I used to really struggle with the idea of celebrating the holidays on the pagan wheel of the year. In fact, aside from the holidays that corresponded with what my culture at large celebrates (Halloween and Christmas) I didn’t feel a connection at all, and in general, I still don’t. My family stopped going to church when I was still fairly young. Christmas was a largely non-religious celebration in my family, except for the occasional midnight mass with my grandma and being in nativity pageants when I was in elementary school. Midnight mass and nativity pageants are my palest memories of the season. Christmas has always been about the magic. The magic, and the sugar.
As a child coming home on Christmas Eve nights from my grandparents house my parents would pause in the crisp night air and ask, “did you heart that? The sleigh bells?” Evoking awe and wonder about the arrival of Santa. Sometimes my mom would say she saw elves at the windows and my siblings and I would run to look. Christmas music and movies and holiday baking were a huge part of our tradition, with my mom filling old ice cream tubs full of cookies and fudge while something festive played in the background. There were advent calendars filled with chocolate to count down the days and build anticipation. There was a general magic in the air all of December most years that was absolutely palpable. I’m certain I’m romanticizing these memories to some degree, but the kernel of truth of how this season made me feel is the point. There’s no substitute for feeling the magic.
When I first began to truly walk my path I yearned for traditions to step into that reflected my spiritual beliefs. I felt that I should have a way to renounce entirely the traditions I grew up with to signify the line in the sand that separated me from Christianity. I felt quite isolated by the fact that no one around me shared the same spiritual proclivities, that I had no traditions to step into that felt right and solidified the spiritual ground under my feet. I mourned a loss of culture that occurred well before my time. This struggle was difficult in part because I’m not into reconstructionism at all. In my mind, we can’t go back. Life is much different now than it was before the people of my heritage gave up our gods and the gods went to sleep in their own way. I didn’t want to go back, I wanted to find a way that fit the time I was living in. No one can really tell you how to do that through a book or through postulating with nostalgia, no matter how romantic the notion is of a time when people were more in tune with the earth.
I don’t think a winter has gone by where I haven’t seen the argument around Christmas actually being a pagan holiday. It’s true that the roots of how this holiday is celebrated are pagan, and there’s a wonderful book by Linda Raedisch called “The Old Magic of Christmas” that delves into the pagan history of many of the Christmas traditions, but Christians found a way to attribute new meaning within their religious context to the many aspects of the winter holiday. This has made Christmas very Christian to those who believe in Christ. Jesus is the reason for the season for Christians, but pagans have always been the reason the season was celebrated at all. It’s taken a lot of years for me to find the life within the pagan roots that resonates now. I had to find a way to unify all parts of my past and my heritage to make it so.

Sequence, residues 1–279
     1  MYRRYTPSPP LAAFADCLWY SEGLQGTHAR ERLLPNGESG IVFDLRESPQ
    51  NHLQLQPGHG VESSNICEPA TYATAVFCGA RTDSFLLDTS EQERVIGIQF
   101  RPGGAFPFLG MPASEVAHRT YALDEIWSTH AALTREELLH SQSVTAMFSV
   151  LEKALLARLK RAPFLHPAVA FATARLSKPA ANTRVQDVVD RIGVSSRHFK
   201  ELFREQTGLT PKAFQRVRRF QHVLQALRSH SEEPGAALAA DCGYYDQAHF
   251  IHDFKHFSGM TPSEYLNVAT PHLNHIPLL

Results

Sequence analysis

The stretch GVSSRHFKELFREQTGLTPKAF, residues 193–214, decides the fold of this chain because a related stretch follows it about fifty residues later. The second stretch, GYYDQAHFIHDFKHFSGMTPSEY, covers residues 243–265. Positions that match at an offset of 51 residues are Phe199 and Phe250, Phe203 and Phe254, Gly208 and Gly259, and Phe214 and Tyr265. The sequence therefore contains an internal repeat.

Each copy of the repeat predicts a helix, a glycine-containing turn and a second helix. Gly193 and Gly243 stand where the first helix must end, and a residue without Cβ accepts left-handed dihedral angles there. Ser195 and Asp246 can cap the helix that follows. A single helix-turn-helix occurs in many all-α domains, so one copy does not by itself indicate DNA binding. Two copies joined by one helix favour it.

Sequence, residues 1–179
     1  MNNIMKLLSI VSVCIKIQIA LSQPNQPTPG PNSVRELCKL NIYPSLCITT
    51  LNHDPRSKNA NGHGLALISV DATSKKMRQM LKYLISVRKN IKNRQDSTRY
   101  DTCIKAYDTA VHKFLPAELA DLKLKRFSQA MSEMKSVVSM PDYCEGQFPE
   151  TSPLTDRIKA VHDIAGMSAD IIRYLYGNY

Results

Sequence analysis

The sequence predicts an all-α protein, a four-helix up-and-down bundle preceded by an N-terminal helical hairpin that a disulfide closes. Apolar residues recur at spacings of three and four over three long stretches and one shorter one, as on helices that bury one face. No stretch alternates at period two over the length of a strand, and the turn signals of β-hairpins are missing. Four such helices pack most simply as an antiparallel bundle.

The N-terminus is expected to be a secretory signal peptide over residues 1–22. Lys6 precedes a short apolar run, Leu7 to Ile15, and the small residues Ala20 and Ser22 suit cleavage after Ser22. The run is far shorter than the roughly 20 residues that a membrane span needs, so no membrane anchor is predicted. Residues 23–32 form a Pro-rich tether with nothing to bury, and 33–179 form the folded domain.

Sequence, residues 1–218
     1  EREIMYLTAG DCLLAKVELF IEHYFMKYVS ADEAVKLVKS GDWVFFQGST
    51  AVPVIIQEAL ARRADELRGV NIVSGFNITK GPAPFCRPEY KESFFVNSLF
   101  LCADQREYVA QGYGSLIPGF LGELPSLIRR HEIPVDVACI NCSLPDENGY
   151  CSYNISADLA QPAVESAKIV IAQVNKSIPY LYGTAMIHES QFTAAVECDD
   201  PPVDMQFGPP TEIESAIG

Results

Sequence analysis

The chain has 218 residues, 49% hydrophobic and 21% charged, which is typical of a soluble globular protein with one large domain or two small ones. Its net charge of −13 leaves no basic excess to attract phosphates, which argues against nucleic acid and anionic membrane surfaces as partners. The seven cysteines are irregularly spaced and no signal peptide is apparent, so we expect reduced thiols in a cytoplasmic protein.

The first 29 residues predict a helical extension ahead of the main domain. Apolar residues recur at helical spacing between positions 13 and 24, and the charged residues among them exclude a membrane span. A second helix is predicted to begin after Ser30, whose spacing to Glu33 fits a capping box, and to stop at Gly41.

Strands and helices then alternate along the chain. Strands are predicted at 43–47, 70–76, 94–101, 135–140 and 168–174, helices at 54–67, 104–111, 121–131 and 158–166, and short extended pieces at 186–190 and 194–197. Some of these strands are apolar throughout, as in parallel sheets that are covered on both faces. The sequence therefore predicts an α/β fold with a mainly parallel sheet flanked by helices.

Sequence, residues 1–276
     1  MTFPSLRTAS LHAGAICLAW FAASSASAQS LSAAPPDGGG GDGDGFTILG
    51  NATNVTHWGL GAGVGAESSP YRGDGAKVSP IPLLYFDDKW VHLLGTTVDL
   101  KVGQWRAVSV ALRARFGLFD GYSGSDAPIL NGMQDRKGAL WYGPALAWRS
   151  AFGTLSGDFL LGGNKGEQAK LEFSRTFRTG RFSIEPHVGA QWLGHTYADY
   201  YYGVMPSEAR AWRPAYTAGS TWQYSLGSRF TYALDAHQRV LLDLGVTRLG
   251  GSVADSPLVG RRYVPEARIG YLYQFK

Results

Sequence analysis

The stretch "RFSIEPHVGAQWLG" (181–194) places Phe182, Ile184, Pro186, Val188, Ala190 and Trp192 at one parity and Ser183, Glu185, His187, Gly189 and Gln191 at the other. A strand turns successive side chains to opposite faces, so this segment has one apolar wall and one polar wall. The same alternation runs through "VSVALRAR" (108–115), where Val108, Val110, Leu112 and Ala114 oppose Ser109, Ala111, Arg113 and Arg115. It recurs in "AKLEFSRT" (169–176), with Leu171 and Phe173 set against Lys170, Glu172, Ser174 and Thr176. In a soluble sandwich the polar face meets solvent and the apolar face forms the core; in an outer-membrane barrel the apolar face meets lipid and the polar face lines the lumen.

My Yuletide observance has formed into what it is now over time. Last year I didn’t do much more than give offerings and spend time with family, but usually the celebration begins December first, culminates the night of the Winter Solstice, and extends through February. December is spent decorating, baking, wrapping presents, listening to Christmas music and watching holiday movies. On the night of the Solstice my husband and I share a special dinner and exchange presents and give our animal companions their gifts. We watch movies (the “Chilling Adventures of Sabrina” Winter Special is a new tradition as of last year), play games, and generally just enjoy the hygge atmosphere we’ve created in our home. This year I’m participating n a Cailleach ritual with my online coven as well.
I give offerings to my ancestors, to Hekate, and leave out offerings for the fae as well on this Solstice, including Santa. To me, Santa is a less scary version of Odin on the wild hunt, coupled with the attributes of Saint Nicholas. I believe he still rides in the sky, even over my town (yes, you read that right: I believe in the spirit of Santa). These offerings are a showing of gratitude for the relationships I have with the spirits and for their work in my life. On Christmas Eve and Christmas Day we spend time with our families, and if we’re lucky we get to see our friends during this time period as well. We keep our tree up well through January.
Most of what I do for the season is a version of what I grew up doing, but with my own flair. I incorporate magick into all of the the baking and decorating. Adding our own flair to the traditions we love is how they evolve and become what we need them to be. I didn’t have to give up anything, really, for the season to have meaning according to my own path and connection with the ancient powers of the indwelling earth spirit, and I think that’s the point. I didn’t have to go backward to find the magic because this magic has always been and will always be no matter how our understanding of it evolves. There doesn’t need to be a hard line of separation because there are no hard lines of separation within us. There’s nothing to prove, no box to fit into. Take what works and leave the rest, and don’t make a fuss about it.